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Park misses out on epee gold

Aug 21,2018
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Park Sang-young, right, competes in the men’s individual epee final against Dmitriy Alexanin of Kazakhstan at the 2018 Asian Games at Jakarta Convention Center Cendrawasih Hall in Jakarta on Sunday. [YONHAP]
Park Sang-young hoped to become the first male Korean epee fencer to win gold in both the Olympics and the Asian Games but came up just short, winning silver.

Park, world’s No. 3 and 2016 Olympic gold medalist, lost 12-15 to the eighth ranked Dmitriy Alexanin of Kazakhstan in the final on Sunday. During the final match, Park struggled with a knee injury. Park took a medial timeout while trailing 1-4, getting emergency treatment on his knee. After the short break, Park won the first point but the match eventually slipped out of his hands, giving up five straight points to Alexanin.

Despite the injury, Park managed to pull himself back into contention, getting as close as 12-13 with 20 seconds remaining. Sadly, it wasn’t meant to be. Alexanin clinched the last point with 6.7 seconds remaining.

“If I kept my composure and just slowed things down, maybe the result would have been different,” Park was quoted as saying on Yonhap. “But Alexanin was such a tough opponent. And I certainly didn’t lose because of my knees. He just flat out beat me.”

At the 2014 Asian Games, Park only competed in the team event, which Korea won. At the 2016 Rio Olympics, Park had a miraculous win in the men’s individual epee final to win gold. At the time, Park was losing 10-14 to Geza Imre of Hungary, but won five straight points for a huge come-from-behind victory. During the finals, Park kept on telling himself “I can do it.”

This time around, the “I can do it” approach only got him as far as the semifinals.

In that match, Park looked set to take an easy win, pulling ahead with a big 7-2 lead. Kano Koki of Japan pulled back to tie the score at 9-9. Thankfully, Park got back in the game to win four straight points and the match. It might be because he was forced to fight so hard in the semifinals that Park’s knee left him down in the final.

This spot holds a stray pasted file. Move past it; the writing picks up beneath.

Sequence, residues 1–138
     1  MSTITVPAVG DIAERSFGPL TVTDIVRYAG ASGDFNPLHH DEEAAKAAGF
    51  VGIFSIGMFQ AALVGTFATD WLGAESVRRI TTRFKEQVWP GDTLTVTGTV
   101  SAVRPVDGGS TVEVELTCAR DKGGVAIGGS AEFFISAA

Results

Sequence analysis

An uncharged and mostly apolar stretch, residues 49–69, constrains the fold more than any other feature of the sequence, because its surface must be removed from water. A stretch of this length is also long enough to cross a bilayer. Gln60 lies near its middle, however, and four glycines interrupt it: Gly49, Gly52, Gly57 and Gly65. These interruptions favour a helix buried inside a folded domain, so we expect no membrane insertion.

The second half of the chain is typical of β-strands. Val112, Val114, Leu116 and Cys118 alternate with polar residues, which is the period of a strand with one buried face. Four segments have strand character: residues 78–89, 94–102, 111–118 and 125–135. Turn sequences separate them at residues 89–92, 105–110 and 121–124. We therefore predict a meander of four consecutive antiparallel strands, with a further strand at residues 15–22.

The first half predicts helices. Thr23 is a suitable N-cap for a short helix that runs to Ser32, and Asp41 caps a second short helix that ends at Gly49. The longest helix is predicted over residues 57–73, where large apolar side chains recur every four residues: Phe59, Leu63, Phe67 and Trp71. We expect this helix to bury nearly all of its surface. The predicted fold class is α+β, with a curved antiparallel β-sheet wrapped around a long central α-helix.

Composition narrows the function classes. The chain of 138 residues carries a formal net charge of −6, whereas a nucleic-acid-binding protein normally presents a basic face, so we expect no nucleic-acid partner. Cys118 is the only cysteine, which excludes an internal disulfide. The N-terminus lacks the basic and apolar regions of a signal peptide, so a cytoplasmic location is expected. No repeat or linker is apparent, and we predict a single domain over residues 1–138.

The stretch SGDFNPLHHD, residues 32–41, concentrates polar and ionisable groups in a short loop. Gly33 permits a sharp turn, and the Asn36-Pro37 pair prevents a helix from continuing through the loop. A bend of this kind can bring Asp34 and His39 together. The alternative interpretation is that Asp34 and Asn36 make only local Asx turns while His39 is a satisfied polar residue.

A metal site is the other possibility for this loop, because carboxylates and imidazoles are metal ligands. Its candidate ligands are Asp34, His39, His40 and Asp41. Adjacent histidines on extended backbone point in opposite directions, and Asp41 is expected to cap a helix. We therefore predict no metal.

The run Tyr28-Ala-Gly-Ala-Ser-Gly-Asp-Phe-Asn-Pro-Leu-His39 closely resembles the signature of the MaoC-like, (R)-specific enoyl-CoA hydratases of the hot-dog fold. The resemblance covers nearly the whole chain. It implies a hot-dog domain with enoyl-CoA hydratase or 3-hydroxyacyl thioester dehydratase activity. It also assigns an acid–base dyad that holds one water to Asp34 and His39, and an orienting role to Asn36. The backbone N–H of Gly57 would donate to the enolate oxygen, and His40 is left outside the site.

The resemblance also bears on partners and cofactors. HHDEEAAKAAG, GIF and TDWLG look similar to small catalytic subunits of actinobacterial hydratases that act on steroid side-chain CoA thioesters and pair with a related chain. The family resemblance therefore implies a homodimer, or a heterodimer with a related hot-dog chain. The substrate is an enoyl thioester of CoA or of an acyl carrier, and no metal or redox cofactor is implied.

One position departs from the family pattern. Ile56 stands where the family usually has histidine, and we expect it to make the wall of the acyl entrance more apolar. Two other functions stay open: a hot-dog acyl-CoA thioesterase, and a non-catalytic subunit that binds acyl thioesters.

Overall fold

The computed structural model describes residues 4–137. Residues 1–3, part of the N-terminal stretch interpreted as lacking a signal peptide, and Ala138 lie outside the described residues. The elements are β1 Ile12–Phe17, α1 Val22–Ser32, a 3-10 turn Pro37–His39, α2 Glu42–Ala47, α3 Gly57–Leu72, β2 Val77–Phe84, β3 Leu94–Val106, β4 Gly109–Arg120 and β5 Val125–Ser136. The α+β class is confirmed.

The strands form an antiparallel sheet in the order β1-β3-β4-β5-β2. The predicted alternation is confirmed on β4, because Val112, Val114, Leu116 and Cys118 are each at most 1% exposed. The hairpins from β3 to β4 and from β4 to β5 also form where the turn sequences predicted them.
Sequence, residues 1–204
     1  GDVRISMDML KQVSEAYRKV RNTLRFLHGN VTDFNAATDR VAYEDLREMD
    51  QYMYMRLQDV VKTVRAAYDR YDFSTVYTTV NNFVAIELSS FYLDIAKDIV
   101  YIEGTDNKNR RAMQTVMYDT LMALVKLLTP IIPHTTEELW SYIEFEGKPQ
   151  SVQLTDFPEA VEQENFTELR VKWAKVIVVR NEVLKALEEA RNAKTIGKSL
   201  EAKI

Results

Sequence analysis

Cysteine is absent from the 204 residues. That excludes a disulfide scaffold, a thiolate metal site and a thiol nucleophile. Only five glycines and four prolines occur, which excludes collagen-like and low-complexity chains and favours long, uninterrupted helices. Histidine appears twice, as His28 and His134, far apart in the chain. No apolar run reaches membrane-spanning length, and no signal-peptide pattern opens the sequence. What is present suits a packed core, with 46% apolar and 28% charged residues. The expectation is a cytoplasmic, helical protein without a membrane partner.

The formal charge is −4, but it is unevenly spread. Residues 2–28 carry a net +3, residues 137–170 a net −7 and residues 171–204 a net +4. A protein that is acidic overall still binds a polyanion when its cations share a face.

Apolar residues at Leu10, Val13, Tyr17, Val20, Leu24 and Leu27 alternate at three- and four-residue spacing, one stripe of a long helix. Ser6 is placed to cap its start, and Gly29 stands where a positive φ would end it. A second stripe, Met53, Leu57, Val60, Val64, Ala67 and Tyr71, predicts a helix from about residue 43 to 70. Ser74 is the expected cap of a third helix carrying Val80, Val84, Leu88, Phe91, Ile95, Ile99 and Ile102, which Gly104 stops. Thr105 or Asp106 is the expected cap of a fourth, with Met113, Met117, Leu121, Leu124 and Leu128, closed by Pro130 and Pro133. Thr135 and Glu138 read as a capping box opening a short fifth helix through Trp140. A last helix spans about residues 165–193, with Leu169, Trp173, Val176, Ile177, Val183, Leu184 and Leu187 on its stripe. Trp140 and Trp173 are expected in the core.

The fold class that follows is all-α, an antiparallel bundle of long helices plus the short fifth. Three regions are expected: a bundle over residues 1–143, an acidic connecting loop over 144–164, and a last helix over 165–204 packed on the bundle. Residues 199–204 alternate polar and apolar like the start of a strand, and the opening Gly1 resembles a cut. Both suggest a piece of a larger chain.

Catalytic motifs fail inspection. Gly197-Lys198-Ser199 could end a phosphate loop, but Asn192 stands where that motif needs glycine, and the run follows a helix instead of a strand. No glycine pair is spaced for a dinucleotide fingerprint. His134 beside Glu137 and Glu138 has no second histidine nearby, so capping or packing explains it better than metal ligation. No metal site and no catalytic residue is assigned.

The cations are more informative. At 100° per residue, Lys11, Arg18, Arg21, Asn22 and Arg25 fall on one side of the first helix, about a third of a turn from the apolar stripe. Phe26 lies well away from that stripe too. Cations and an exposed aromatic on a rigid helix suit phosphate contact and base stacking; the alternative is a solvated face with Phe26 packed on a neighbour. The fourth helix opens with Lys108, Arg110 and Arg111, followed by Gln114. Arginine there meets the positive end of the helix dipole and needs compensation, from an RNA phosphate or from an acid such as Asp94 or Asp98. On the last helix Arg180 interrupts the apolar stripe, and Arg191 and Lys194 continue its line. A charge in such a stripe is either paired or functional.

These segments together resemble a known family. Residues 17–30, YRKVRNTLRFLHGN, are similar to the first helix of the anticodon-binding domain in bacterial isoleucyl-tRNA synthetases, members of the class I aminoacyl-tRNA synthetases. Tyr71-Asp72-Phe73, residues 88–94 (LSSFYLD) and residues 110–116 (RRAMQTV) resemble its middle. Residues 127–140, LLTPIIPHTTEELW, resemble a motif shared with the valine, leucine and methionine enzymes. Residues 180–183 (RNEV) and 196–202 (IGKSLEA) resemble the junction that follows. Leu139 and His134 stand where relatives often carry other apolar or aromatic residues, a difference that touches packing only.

Park, who started fencing at age 14, first got on the Korean national team at age 18 in 2013. Despite a successful junior career, Park tore his anterior cruciate ligament in 2015 while competing at the Budapest Grand Prix. Though he wasn’t fully healed, Park had one of the most upsetting victories at the Rio Olympics.

Following that victory, Park became one of the biggest Korean athletes after the Games - filming various advertisements, giving lectures and publishing his own book. As Park started to make too many appearances outside of sport, his world ranking slowly dropped and eventually he dropped out of the national team.

“I cared too much about how others looked at me,” Park said. “Once I started rushing for results, it made it harder to perform and I got in a slump.”

Adding to the fame, Park also struggled with the pressure of thinking that he had to play better. Rather than giving up his career, Park spent his own money to compete at international events.

Park took the same flight as the national team players and stayed at the same hotel as the team but wasn’t representing Korea.

“My parents told me that I can’t give up like this,” Park said. “So they suggested I compete at my own expense. This allowed me to take myself away from the pressure.”

As an individual, Park won two international events and slowly got himself out of the slump.

“Whether I win or lose, I learned that people don’t really care about me,” Park said. “I also learned that the more I rush, the longer it’ll take me to get the result I want.”

Park improved his world ranking significantly, from 15th last year to third this year. With the improvement, Park successfully earned his spot on the Korean national team at the Asian Games.

“At the Olympics, my strong mental game helped me a lot,” Park said. “But after the Olympics, I struggled with my mental game. In fencing, I think it’s our mental game that determines the winner.”

Park will now put aside his disappointment in the individual event and focus on defending Korea’s gold in the team event tomorrow.

BY KIM JI-HAN, KIM WON [kang.yoorim@joongang.co.kr]